We must hold, therefore, that sec. 81.17, Stats., does not apply here since it creates a secondary liability on a town, city, village, or county, for defects in a highway which cause damage only when the negligence, wrong, or default of another tort-feasor also causally contributes to that defect.

By the Court.Judgment affirmed.

NOTES

[1] "81.17 HIGHWAY defects; liability of wrongdoer; procedure. Whenever damages happen to any person or property by reason of any defect in any highway ... for which any ... county would be liable, and such damages are caused by, or arise from, the wrong, default or negligence thereof and of any person, or private corporation, such person or private corporation shall be primarily liable therefor; ..."

[2] This statute provided in relevant part as follows:

"If any damage shall happen to any person, his team, carriage, or other property, by reason of the insufficiency or want of repairs of any bridge, or sluiceway, or road in any town in this state, the person sustaining such damages shall have a right to sue for and recover the same against such town ...." Revised Stats. 1849, Title VI, ch. 16, sec. 103.

[3] The ordinance involved in Hincks v. Milwaukee provided that:

"Whenever any injury shall happen to persons or property in the said city of Milwaukee, by reason of any defect or encumbrance of any street, sidewalk, alley or public ground, or from any other cause for which the said city would be liable, and such defect, incumbrance or other cause of such injury shall arise from or be produced by the wrong, default or negligence of any person or corporation, such person or corporation so guilty of such wrong, default or negligence, shall be primarily liable for all damages for such injury; and the said city shall not be liable therefor until after all legal remedies shall have been exhausted to collect such damages from such person or corporation." (p. 564) An act to revise, consolidate and amend the charter of the city of Milwaukee, Laws of 1874, ch. 184, sec. 1.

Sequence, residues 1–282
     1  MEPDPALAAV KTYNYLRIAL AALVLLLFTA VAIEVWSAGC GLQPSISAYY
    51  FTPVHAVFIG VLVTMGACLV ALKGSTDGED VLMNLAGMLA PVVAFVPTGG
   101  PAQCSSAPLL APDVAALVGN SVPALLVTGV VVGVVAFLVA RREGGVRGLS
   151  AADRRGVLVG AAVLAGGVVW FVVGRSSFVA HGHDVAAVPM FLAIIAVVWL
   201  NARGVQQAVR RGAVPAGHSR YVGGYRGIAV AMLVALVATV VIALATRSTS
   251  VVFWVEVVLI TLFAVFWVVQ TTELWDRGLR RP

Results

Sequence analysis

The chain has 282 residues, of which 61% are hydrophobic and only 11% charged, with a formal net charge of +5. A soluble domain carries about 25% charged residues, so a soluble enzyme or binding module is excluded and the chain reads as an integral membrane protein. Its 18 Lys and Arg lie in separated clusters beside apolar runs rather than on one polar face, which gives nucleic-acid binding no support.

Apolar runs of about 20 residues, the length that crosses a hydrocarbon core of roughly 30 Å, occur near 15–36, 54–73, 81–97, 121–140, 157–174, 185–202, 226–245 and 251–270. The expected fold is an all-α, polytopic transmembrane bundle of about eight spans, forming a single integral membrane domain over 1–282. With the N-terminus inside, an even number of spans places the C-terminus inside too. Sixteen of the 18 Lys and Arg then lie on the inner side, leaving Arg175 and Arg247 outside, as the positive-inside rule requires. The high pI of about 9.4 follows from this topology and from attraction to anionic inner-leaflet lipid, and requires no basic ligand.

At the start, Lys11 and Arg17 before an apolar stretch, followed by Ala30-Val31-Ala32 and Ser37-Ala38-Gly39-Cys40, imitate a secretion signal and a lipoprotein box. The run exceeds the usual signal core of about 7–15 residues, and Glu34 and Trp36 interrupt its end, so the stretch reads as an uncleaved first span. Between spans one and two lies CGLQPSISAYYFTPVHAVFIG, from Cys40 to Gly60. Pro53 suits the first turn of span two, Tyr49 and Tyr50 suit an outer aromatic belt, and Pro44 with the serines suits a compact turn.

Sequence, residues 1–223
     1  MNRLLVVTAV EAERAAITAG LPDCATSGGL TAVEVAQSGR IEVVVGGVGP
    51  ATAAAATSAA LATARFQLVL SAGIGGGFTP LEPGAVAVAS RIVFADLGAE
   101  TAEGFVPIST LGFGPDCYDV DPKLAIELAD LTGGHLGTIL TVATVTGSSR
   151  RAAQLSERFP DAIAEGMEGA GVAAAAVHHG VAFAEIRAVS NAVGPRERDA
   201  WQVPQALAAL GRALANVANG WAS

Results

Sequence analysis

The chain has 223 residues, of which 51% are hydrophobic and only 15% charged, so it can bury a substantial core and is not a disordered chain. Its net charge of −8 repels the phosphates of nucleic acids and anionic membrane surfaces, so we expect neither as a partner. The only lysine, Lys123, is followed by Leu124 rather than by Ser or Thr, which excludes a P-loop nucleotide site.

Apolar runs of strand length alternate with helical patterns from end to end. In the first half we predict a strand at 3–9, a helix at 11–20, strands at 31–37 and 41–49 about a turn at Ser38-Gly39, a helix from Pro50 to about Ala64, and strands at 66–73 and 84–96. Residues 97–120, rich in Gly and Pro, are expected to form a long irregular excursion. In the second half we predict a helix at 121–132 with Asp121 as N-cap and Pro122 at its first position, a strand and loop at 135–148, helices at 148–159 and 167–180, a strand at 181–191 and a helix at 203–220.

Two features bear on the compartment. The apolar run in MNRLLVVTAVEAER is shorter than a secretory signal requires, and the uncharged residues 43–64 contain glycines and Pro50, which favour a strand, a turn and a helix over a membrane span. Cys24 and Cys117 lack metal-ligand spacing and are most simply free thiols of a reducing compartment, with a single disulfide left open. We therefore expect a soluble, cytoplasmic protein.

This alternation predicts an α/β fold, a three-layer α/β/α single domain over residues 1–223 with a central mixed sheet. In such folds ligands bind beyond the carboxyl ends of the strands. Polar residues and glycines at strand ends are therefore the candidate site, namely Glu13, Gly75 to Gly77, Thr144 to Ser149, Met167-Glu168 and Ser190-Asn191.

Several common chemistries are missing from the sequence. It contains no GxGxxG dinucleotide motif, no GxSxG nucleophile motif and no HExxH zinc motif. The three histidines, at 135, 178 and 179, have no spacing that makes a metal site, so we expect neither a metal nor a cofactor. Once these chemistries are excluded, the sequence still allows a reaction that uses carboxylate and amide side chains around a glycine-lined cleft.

[4] In 1889, the statute provided that "Whenever any injury ... shall happen ... by reason of any defect in any highway ... and such defect, incumbrance, or other cause of such injury shall be caused by, arise from, or be produced by, the wrong, default or negligence of any person or corporation ... such person or corporation ... so guilty ... shall be primarily liable for all damages arising from such injury ...." See 1 Sanborn & Berryman, Annotated Statutes (1889), sec. 1339 b. This language was preserved until 1898 when the statute was revised to read: "Whenever any damage shall happen to any person or property ... by reason of any defect in any highway ... and such damage shall be caused or produced by or arise from, the wrong, default or negligence [of the municipal corporation] and of any person or private corporation, such person or private corporation responsible for such wrong, default or negligence shall be primarily liable therefor...." (Emphasis supplied.) See 1 Sanborn & Berryman, Annotated Statutes (1898), sec. 1340 a.

[5] Cooper v. Milwaukee (1897), 97 Wis. 458, 72 N.W. 1130; Schaefer v. Fond du Lac (1899), 104 Wis. 39, 80 N.W. 59; Devine v. Fond du Lac (1902), 113 Wis. 61, 88 N.W. 913; Gordon v. Sullivan (1903), 116 Wis. 543, 93 N.W. 457; Hay v. Baraboo (1906), 127 Wis. 1, 105 N.W. 654; Block v. Fond du Lac (1909), 141 Wis. 85, 123 N.W. 654; Raether v. Town of Mentor (1910), 142 Wis. 238, 125 N.W. 468; Matson v. Dane County (1920), 172 Wis. 522, 179 N.W. 774; Smith v. Clayton Construction Co. (1926), 189 Wis. 91, 206 N.W. 67; Brown v. Milwaukee Terminal Ry. Co. (1929), 199 Wis. 575, 224 N.W. 748, 227 N. W. 385; First Nat. Bank & Trust Co. v. S. C. Johnson & Sons (1953), 264 Wis. 404, 59 N.W.2d 445; Weis v. A. T. Hipke & Sons, Inc. (1955), 271 Wis. 140, 72 N.W.2d 715; Rudolph v. Currer (1959), 5 Wis. 2d 639, 94 N.W.2d 132; Hei v. Durand (1963), 22 Wis. 2d 101, 125 N.W.2d 341; Peppas v. Milwaukee (1966), 29 Wis. 2d 609, 139 N.W.2d 579, 141 N. W. 2d 228.